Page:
Frame Rate

Put simply, frame rate is the speed at which images are shown in a video file. As we know, video files are made up of thousands of still images called frames. When played successively and at speed, these still images make up a moving image or video.

The higher the frame rate, the smoother the video output. The industry standard for online videos is now 60FPS, 30FPS, and 24FPS.

In most cases, you want to keep the frame rate at the same value your video files are.

Field Order

Have you ever seen or made video content before which has those annoying black horizontal lines appearing all over the footage? This is called interlacing and can be countered by changing the field order of the file.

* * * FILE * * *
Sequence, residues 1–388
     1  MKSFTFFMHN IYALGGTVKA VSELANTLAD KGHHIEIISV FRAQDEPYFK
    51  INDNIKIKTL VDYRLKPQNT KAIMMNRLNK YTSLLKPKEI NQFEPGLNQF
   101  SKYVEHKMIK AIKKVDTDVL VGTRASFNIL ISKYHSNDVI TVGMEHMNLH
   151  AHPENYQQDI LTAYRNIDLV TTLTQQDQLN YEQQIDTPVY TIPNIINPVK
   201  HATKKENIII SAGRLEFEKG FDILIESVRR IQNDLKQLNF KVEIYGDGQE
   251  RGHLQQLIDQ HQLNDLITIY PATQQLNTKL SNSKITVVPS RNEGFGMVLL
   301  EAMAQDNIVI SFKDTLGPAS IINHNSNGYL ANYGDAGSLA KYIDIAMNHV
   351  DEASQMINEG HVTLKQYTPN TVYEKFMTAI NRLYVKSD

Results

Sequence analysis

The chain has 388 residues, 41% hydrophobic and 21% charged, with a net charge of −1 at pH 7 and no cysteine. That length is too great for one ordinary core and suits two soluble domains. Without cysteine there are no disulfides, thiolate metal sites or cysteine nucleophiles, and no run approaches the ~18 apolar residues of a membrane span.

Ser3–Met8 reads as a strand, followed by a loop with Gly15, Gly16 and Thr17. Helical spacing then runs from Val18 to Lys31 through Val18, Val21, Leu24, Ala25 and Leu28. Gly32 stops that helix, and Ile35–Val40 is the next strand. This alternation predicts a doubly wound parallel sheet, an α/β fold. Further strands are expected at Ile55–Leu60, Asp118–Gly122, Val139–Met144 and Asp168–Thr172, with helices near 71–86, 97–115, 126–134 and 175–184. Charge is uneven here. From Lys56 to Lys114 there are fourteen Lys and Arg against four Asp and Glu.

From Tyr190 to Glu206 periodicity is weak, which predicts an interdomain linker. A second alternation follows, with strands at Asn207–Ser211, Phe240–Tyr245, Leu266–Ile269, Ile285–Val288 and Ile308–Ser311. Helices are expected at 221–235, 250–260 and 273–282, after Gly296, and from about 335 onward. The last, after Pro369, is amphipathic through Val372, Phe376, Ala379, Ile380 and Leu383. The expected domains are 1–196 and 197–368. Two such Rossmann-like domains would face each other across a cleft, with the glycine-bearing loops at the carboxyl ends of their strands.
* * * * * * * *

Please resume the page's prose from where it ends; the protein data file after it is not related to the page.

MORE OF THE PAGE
Keep this setting on progressive if you are not experiencing interlacing issues. This will only occur with older or experimental filming equipment. 


This setting changes the aspect ratio of the pixels in your project. Unless you’re looking to become the Picasso of the video production world, always keep this on Square Pixels (1.0)!

TV Standard

The two settings here, NTSC and PAL, are the analog systems used to decode video on TV systems across the world. Realistically, the choice between the two is an outdated issue and you will not see better results with either. Stick to the default setting which is NTSC.


This is perhaps our favorite feature on Premiere Pro. The Publish tab allows you to post directly to online platforms such as Twitter, Vimeo, or YouTube as soon as the export has finished.